Links To And Excerpts From #241 Chronic Cough By The Curbsiders

Note to myself: When I review again this post be sure to also review:

In this post I link to and excerpt from the Curbsiders‘ podcast and show notes, #241 Chronic Cough, NOVEMBER 9, 2020 By Dr. CYRUS ASKIN:

Listen as our phenomenal guest Dr. Brad Hayward @bradleyjhayward (Weill Cornell Medicine) demystifies chronic cough for the primary care provider.

Clinical material begins at 7:30.

Here are excerpts:

Cough Pearls

  1. Subacute/chronic cough is one of the most common primary care complaints seen by providers
  2. The most common cause for acute (and subacute cough) is active or recent viral infection (“post-viral cough syndrome”) for which a trial of inhaled corticosteroid is reasonable
  3. Other common causes for cough include gastroesophageal reflux disease, post-nasal drip / upper-airway cough syndrome, cough-variant asthma and non-asthmatic eosinophilic bronchitis
  4. The first step in evaluating cough should not be labs and imaging, but rather a thorough history focusing on things like onset, aggravating/alleviating factors, quality of the cough and exposure history
  5. Chest X-ray can be useful to identify major anatomic abnormalities, CT can be used later on if cough persists to rule out more subtle disease states
  6. Basic spirometry can be helpful to identify obstruction early on in a patient’s course – save full pulmonary function testing for later
  7. Don’t be afraid to try empiric therapies! Proton pump inhibitors, antihistamines, intranasal steroids and even inhaled corticosteroids are generally low-risk and will treat many cases of chronic cough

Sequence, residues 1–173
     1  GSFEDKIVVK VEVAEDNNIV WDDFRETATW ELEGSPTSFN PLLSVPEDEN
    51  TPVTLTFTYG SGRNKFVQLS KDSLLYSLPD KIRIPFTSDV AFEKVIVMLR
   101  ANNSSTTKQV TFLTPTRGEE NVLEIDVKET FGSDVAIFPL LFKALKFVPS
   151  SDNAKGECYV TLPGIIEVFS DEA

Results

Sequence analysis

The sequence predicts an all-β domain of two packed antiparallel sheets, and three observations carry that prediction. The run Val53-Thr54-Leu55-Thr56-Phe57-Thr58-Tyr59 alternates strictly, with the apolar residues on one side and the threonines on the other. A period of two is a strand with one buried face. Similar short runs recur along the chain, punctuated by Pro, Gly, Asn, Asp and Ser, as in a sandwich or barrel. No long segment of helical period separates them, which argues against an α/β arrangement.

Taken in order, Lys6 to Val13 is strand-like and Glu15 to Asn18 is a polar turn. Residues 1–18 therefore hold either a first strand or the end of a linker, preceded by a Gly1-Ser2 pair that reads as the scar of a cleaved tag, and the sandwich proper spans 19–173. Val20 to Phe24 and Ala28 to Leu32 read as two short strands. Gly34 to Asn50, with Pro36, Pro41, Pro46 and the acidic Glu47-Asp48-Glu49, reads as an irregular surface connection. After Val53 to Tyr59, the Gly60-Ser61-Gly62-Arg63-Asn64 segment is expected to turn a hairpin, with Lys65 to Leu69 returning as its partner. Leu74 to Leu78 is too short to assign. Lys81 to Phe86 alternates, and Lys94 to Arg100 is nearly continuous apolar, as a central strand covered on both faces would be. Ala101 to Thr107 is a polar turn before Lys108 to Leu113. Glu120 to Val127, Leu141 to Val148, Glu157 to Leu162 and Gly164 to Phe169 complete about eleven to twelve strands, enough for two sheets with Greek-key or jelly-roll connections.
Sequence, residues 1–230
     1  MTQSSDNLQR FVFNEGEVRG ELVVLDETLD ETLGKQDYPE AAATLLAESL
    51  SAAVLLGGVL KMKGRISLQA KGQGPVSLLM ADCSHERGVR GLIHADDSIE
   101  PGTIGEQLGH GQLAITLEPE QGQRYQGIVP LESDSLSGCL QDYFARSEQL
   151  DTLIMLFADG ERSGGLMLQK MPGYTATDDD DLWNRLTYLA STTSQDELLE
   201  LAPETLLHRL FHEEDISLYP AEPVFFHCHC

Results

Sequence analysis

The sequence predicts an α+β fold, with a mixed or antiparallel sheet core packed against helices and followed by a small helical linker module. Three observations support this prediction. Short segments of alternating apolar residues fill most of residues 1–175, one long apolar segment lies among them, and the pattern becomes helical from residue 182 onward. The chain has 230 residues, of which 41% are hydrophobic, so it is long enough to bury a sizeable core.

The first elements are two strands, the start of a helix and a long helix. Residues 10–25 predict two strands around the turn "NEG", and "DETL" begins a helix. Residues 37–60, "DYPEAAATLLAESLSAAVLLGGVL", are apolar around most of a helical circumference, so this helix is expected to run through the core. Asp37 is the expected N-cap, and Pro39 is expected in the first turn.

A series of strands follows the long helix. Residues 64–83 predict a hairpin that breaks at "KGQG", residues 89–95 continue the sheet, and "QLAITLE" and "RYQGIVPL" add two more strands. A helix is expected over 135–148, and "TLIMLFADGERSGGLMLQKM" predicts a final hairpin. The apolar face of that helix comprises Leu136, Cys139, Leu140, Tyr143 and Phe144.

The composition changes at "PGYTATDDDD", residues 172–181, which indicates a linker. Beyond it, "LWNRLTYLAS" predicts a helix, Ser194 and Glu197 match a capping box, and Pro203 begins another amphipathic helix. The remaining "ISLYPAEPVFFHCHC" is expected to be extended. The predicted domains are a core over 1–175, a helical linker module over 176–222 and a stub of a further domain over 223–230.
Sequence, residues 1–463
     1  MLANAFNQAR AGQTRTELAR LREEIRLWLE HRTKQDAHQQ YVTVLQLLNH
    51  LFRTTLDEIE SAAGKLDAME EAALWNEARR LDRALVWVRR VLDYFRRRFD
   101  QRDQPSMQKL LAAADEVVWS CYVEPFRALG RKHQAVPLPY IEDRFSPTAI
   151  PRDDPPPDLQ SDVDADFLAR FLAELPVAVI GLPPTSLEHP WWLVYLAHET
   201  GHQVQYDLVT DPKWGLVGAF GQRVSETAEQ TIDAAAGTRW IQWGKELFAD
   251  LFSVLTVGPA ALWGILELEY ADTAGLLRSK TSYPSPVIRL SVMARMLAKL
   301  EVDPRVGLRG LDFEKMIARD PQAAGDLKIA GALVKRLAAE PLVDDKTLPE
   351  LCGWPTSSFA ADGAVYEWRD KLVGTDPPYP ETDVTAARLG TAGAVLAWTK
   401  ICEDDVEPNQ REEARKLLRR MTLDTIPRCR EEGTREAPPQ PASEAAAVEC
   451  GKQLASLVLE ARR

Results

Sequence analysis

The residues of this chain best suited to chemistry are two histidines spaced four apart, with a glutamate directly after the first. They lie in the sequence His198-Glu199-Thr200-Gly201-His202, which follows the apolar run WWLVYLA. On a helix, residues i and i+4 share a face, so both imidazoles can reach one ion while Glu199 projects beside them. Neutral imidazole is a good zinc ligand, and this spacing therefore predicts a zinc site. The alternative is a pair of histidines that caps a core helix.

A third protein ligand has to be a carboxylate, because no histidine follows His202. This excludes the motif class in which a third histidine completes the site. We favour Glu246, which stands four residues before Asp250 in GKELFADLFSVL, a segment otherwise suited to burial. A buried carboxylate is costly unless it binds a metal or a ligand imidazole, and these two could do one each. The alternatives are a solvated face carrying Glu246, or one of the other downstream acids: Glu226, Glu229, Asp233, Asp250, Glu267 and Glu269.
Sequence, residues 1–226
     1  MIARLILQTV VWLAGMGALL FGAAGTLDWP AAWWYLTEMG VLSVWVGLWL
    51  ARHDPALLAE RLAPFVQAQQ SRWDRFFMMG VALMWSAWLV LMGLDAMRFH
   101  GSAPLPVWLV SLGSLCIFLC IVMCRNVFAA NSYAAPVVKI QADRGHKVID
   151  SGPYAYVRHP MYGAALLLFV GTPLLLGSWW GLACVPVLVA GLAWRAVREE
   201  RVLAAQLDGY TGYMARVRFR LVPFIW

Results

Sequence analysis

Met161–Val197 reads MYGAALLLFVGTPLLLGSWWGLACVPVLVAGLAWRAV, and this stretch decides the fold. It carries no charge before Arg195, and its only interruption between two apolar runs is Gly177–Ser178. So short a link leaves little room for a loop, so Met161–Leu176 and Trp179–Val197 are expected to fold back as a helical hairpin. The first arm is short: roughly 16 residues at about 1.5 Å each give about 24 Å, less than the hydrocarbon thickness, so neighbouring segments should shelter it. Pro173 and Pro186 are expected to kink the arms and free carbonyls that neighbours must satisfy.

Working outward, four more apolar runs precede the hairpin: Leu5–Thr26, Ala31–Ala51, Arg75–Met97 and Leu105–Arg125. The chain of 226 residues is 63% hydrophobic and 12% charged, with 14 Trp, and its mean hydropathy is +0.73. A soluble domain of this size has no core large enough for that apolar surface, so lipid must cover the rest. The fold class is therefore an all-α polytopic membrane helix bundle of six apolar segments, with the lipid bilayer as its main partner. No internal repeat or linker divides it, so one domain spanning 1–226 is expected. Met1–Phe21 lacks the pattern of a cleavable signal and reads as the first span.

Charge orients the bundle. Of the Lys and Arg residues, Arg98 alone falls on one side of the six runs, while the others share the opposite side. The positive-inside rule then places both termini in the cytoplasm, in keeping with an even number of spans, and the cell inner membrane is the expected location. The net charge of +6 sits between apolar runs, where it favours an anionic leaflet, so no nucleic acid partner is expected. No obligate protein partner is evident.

8. Feel empowered to refer these patients to pulmonary… but also feel empowered to try the aforementioned therapies and start an initial work up

Basic Definitions

Cough can be defined as follows (Irwin, 2017):

  • Acute: < 3 weeks
    • Usually seen in the setting of a viral infection causing airway hyperreactivity
    • Drs. Watto & Hayward recommend setting expectations with these patients: This will be an irritating, annoying process and the cough is often the last thing to go
    • [The post-viral cough can last up to 8 weeks, the speaker reminds us. So let the patient know that.]
  • Subacute: 3 –  8 weeks
  • Chronic: >8 weeks

Approaching “undifferentiated” cough when there isn’t an obvious cause… 

As mentioned earlier, history is king! And always screen for post-viral cough.


Consider in any patient, the most common causes for subacute / chronic cough and, if you are comfortable, a trial of empiric therapy is certainly reasonable in the right clinical context (Michaudet 2017):

  • Upper airway cough syndrome (aka post-nasal drip, can be allergic, non-allergic, etc.)
    • Empiric treatment: intranasal steroids +/- systemic antihistamines, reasonable to trial empiric therapy
  • Gastroesophageal reflux disease / laryngopharyngeal reflux disease
    • Empiric treatment: trial of PPI – can be as long as 2-3 months, and some recommend twice-daily dose (Smith 2016)
  • Asthma (cough-variant asthma)
    • Empiric treatment: initially with inhaled corticosteroid with close-interval follow up for clinical response (Côté 2020)
  • … and non-asthmatic eosinophilic bronchitis (NAEB)- an emerging cause for unexplained cough in adults!
    • Empiric treatment: Also inhaled corticosteroid with close-interval follow up (Côté 2020)
    • Will often need intermittent inhaled corticosteroid (ICS) if a trigger/triggers cannot be identified and avoided


    • Chest X-Ray: Can help us identify significant abnormalities, or may suggest airway disease if clear
    • Pulmonary Function Testing: Spirometry up front (tells us if there is obstruction, or evidence for restriction) – Dr. Hayward doesn’t feel Full PFTs (spirometry + body plethysmography + DLCO testing) is required up front
  • Look at the flow-volume loop!
    • Concern for allergies or environmental etiology? Dr Hayward recommends:
      • CBC with differential (looking for elevated eosinophils)
      • IgE level
  • Serum allergy screen
  • [For two articles on allergies please see


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